1. To move forward very slowly and cautiously out of some place. In this usage, the preposition "of" is used after "out" when the place is specified; a noun or pronoun can be used between "nose" and "out" if the verb is used transitively. I think you'll have enough room to get out of the parking spot—just nose the car out a little bit at a time to be sure. I nosed out of the house to get away from the party without anyone noticing. She nosed the motorcycle quietly out of the shed so as not to wake her parents.
2. To defeat someone by a narrow margin, thus knocking them out of the competition or contest. The underdogs managed to nose out the former champions in a thrilling last-minute victory. After a late surge in the polls, Mayor Smith nosed out the Michigan senator many assumed would be the party's nominee.
3. To discover something that had been hidden through careful and thorough investigation. If anyone will be able to nose out the truth, she will. Scientists believe they have nosed out the genes responsible for giving one's face its particular shape.
nose about (for someone or something)and nose around (for someone or something)
to search here and there to find someone or something. We spent an hour nosing about for a newspaper. I will nose around for someone to help you. We nosed about for a while, but found no one.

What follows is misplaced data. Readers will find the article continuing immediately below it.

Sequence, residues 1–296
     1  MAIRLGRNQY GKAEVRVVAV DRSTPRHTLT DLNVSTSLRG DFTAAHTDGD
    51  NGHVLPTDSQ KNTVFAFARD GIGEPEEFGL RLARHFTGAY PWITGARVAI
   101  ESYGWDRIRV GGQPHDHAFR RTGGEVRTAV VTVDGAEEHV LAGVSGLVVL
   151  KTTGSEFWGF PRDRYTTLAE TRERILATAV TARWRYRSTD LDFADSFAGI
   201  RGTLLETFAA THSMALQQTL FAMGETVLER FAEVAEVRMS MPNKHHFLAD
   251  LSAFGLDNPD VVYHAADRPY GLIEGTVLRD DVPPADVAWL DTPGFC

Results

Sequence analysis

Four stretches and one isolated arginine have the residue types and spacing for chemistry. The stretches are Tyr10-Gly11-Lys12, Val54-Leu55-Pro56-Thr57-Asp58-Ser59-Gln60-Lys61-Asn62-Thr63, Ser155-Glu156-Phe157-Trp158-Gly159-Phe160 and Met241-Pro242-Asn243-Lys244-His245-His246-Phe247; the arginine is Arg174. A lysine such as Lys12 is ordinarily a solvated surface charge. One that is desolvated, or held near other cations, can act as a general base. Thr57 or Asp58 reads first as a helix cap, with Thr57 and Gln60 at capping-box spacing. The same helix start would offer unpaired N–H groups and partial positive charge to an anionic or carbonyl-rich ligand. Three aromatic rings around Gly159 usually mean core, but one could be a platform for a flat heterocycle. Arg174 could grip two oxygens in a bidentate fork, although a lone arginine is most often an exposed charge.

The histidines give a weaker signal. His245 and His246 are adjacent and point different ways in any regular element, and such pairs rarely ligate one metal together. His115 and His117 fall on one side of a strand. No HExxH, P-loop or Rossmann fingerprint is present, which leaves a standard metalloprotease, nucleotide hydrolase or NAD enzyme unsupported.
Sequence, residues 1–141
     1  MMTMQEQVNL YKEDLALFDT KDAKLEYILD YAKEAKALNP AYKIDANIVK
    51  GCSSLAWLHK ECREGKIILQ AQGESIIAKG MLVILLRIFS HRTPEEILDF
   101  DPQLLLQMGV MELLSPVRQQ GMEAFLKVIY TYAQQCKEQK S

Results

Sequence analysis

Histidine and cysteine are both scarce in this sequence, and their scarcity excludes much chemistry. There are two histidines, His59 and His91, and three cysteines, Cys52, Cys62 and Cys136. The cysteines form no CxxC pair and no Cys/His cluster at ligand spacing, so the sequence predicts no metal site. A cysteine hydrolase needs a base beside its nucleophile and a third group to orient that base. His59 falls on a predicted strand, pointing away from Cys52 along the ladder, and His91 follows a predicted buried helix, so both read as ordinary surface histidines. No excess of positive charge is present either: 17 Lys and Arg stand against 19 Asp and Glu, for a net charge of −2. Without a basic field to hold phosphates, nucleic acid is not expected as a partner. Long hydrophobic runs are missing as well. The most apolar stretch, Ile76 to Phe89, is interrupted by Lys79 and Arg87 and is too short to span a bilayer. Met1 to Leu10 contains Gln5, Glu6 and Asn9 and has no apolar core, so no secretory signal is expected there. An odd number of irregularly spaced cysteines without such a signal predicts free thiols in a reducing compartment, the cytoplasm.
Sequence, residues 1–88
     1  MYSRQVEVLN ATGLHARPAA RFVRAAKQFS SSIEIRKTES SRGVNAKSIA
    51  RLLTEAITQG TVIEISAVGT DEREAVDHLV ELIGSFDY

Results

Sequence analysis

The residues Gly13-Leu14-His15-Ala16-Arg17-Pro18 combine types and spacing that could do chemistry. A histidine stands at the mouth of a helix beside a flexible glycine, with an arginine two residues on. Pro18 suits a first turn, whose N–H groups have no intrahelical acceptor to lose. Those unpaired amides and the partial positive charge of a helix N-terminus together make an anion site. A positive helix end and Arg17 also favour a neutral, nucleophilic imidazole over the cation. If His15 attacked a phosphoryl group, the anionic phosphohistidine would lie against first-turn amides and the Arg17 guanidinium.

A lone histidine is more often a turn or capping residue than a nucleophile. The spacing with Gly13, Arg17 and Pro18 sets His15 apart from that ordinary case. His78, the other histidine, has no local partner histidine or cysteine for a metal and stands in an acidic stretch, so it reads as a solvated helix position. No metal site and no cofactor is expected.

nose around (something)
to pry into something; to snoop around something. I caught her nosing around my desk. Wally is always nosing around.
nose in (to something)
[for a boat or other vehicle] to move or be moved into something or some place carefully, nose first. The captain nosed into the channel, and our journey had begun. He nosed in and we sailed on.
nose out (of something)
to move cautiously out of something or some place, nose first. She nosed out of the little room, hoping she hadn't been observed. She nosed out quickly and stealthily.
Also, nose around. Look for something, especially something private or hidden. For example, She was always nosing about the kitchen, looking in all the cupboards, or The detective nosed around the apartment. [Second half of 1800s]
Also, nose into.
1. Advance cautiously, front end first, as in We nosed the boat into her berth, or The car nosed in very slowly. [Mid-1900s]
2. Pry, snoop, as in He was nosing into our finances again. [First half of 1900s] Also see nose about; poke one's nose into.
1. Defeat by a narrow margin, as in She barely nosed out the incumbent. This expression, alluding to a horse's winning with its nose in front, has been used figuratively since the mid-1900s.
2. Discover, especially something hidden or secret, as in This reporter has a knack for nosing out the truth. This usage alludes to following the scent of something. [Early 1600s]
1. To defeat someone or something by a narrow margin: We nosed out the opposing team for the win. In the last inning, we took the lead and nosed them out.
2. To perceive or detect someone or something by or as if by sniffing: The police dogs nosed out the drugs hidden in the car. The criminals left very few clues, but the police were still able to nose them out.